Courtney: I’ve worked with Chad for a long time and he mentored me whenever I was in grad school. I’ve always heard your spill about this and I respect you. There’s no one more suiting to do this podcast than you. Devout the myth.
Chad: The thing is these rules apply to me. I carry this home. I say the same thing about my kids. I think my son’s been on one round of antibiotics and I don’t think my daughter ever has, but they haven’t been perpetually sick and maybe they haven’t been perpetually sick because they’re not on antibiotics but they’ll always argue it.
Courtney: In all reality I joke with you about it, but you’re honestly one of the most respected providers especially in this area. You’re obviously known for Tulsa Prolotherapy and lot of other things, great things, maximum medicine and Tulsa. I think that it’s pretty well known that you’re going to do everything that you can to do the right thing for the patient, get them feeling better but avoid antibiotic use unless obviously legitimately necessary. I know a lot of people in the community and they all know Chad is outside of the box on antibiotic therapy, and rightfully so, so much respect for honestly for you. Just not going really with the grain and just doing what everybody else does, throwing in their antibiotic board and moving on for the patient but really going Against the Grain fighting for a just cause.
Chad: Again, you look at the literature and it’s there.
Courtney: You’re right.
Chad: I’m not making this stuff up and we get patients that will call and say, “I think of a sinus infection I need an antibiotic,” and I’m like, “But you don’t know what you’re asking for.” It’s not that I don’t care in fact if I didn’t care I would just say, “Well, here you go.” That’s the truth. Because it’s easier to not fight that battle.
Courtney: It is we’re in the industry of customer service. You want to get the patient what they want but in all reality there’s other ways to get patient feeling better. There’s a lot that we can do and avoid the harmful possibilities of antibiotics use. Four Quinolones in particular, let’s just touch on the side effects or the adverse effects from four Quinolones.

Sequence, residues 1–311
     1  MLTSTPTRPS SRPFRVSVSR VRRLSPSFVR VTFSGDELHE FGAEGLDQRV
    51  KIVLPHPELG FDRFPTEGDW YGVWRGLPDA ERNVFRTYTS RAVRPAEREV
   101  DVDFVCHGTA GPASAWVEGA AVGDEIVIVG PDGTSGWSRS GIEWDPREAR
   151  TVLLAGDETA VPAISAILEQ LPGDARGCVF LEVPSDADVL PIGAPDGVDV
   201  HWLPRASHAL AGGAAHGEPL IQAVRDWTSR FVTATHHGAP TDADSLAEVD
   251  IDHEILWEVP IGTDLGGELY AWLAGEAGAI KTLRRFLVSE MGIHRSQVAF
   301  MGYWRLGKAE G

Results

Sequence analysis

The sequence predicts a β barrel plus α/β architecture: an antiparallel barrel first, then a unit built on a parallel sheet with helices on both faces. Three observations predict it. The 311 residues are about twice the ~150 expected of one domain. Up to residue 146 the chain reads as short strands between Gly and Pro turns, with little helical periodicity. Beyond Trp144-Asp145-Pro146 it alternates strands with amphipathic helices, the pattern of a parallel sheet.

Chad: Four Quinolones, that includes Cipro and Levaquin, would probably be two of the more common ones. The issue with these and these are real, and of course we do Tulsa Prolotherapy so we see a lot of tendon and ligament issues. There’s actually a black box warning on Quinolones for tendon rupture and I’ve seen it. It’s like you taking that —
Courtney: They’re doing box jumps and they had been on a recent use of this and they totally ruptured their Killie’s.
Chad: It is it blows my mind and the mechanism behind. It fascinates me that you can take one prescription, it’s not like these people were on it for six months. We’re talking about —
Courtney: Five to ten days.
Chad: Exactly, a short course of traditional antibiotic that resulted in something that was severe. A relatively severe injury, not life threatening but this is a big deal. Those Quinolones can also have central nervous system adverse effects. You can get neuropathy from those, potentially fatal problem with Q.T prolongation and that’s when you look at the heart waves and the deep polarization repolarization of the heart. When you get a prolongation of that it could result in a potentially fatal situation. You can photo toxicity, and certainly as within antibiotic you could have Tulsa Prolotherapy.
Courtney: Which is?
Chad: I’m sorry, thank you.
Courtney: Not everybody is.
Chad: Phototoxicity is when you take an antibiotic, you go out in the sun and that can have a negative effect, you get sunburns easier and stuff like that. One of the one of the bigger issues with really any antibiotic is hypersensitivity. You can develop anaphylaxis and have drug rashes and those kinds of things, and you can develop that at any time. You can be on an antibiotic multiple times through your life and then one day you just get a reaction from it. Tulsa Prolotherapy
Courtney: Across the board, we talk about this all the time, how important gut health is. What if antibiotics do briefly just shortly here to get health, what’s the problem?
Chad: I’m glad you said that because this is our HIPAA compliant story.
Male: HIPAA, Health Insurance Portability and Accountability.
Courtney: We got it ready.
Chad: We had a patient recently that had some upper respiratory something and it was the same thing and exactly what we’re talking about here. I don’t remember which antibiotic, do you remember which antibiotic it was?
Courtney: I could guess, but I’m not going to guess.
Chad: Maybe I’ll give an update on the next podcast. It’s a common in antibiotic for this upper respiratory issue. This patient was like, “I just got to do something,” and they know how I feel about antibiotics but they are like, “I just got to do something.” Took the antibiotics and -Tulsa Prolotherapy
Courtney: That they got from another provider?
Chad: That’s correct, and actually within a couple a few days they started having some bowel and gut problems. Started having some cramping. Now this is an early to mid-40’s male that’s in great shape, fit, all this kind of good stuff that was —
Courtney: Relatively healthy person.